ISSN : 1301-5680
e-ISSN : 2149-8156
Turkish Journal of Thoracic and Cardiovascular Surgery     
Axillary artery cannulation in ascending aortic pathologies
Altuğ Tuncer1, Eylem Yayla Tuncer1, Adil Polat2, İlker Mataracı3, Cüneyt Keleş1, Salih Aulasaleh1, Kamil Boyacıoğlu1, İbrahim Kara4, Kaan Kırali1
1Department of Cardiovascular Surgery, Kartal Koşuyolu Heart Education and Research Hospital, İstanbul
2Department of Cardiovascular Surgery, Bağcılar Training and Research Hospital, İstanbul
3Department of Cardiovascular Surgery, Trabzon Ahi Evren Training and Research Hospital, Trabzon
4Department of Cardiovascular Surgery, Göztepe Şafak Hospital, İstanbul
DOI : 10.5606/tgkdc.dergisi.2011.084
Background: We analyzed the results of axillary cannulation for cardiopulmonary bypass (CPB) and the factors affecting mortality and morbidity.

Methods: Eighty-four patients (58 males, 26 females; mean age 53.8±13.2 years; range 20 to 77 years) were operated on for ascending aortic pathologies with axillary arterial cannulation between November 2006 and January 2009. Overall, 124 procedures were performed in 84 patients, and the most commonly performed procedure was the replacement of the ascending aorta which was employed in 64 patients (76.2%). The most common indication for operation was ascending aortic aneurysm that was present in 51 patients (60.7%). Three (3.6%) patients had previously undergone open heart surgery. Hypothermic circulatory arrest was used in 51 (60.7%) patients, and the axillary artery was cannulated directly in 75 (89.3%) patients and via a side graft in nine (10.7%) patients.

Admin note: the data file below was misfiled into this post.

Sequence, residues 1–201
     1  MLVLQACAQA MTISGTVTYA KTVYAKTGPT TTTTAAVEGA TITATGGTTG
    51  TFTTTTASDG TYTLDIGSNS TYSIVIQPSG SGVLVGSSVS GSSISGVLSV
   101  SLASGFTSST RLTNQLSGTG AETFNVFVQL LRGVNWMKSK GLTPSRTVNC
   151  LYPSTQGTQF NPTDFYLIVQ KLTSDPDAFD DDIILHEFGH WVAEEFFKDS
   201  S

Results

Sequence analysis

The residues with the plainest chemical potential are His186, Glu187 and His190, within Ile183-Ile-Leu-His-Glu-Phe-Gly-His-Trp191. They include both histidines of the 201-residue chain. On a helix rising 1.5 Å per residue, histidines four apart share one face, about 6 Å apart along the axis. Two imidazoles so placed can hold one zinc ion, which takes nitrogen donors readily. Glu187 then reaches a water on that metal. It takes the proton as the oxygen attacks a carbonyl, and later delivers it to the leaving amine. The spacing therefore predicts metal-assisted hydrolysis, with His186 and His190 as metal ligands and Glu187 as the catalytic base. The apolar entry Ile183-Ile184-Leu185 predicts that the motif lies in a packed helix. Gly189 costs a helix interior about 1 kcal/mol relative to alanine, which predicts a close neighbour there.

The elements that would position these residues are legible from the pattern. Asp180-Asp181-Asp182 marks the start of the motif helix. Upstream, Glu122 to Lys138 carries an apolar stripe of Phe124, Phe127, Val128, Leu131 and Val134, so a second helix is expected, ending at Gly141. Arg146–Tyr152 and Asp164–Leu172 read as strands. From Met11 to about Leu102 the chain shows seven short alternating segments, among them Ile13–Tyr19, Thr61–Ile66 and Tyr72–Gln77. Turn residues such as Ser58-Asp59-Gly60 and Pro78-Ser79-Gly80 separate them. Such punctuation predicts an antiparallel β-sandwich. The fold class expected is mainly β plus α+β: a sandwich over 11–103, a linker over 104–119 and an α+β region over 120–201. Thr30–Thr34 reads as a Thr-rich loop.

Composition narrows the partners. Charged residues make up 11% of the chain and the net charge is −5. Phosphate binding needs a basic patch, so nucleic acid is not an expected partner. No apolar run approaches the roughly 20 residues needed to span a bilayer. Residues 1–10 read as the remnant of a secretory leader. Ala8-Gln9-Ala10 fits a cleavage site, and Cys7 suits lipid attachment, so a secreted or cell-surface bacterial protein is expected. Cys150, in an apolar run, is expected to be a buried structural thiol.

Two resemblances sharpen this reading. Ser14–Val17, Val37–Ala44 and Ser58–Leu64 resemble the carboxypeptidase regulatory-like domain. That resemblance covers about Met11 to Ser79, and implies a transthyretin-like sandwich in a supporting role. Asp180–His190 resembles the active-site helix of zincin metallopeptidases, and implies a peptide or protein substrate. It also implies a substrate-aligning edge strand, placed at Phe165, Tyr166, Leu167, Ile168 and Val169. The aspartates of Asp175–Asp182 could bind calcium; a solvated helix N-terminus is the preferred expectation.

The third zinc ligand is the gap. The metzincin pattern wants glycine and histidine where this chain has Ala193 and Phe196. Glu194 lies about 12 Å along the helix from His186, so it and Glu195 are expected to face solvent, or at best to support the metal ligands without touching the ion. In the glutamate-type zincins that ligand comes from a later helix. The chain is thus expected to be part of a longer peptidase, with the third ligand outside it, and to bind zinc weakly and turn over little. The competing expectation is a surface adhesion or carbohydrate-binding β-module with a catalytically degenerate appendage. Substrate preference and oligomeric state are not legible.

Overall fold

Results: Postoperatively, three patients (3.6%) had in-hospital mortality because of sepsis, intraoperative bleeding, and low cardiac output syndrome. Neurological complications were seen in 10 (11.9%) patients (8 had transient neurological dysfunction and 2 had stroke). The mean duration of hospital stay was 5.1±5.6 (range 1 to 46) days. Postoperative follow-up was 10.3±5.5 (range 1 to 15.5) months on average (total of 68.5 patient/years). There was no mortality during the follow-up after discharge. No relationship was found between the method of cannulation and mortality or, neurological complications.

Conclusion: The axillary artery is a safe route for arterial cannulation, and the axillary route does not cause an increase in postoperative mortality and morbidity.

Keywords : Ascending aorta; axillary artery cannulation; selective antegrade cerebroplegia
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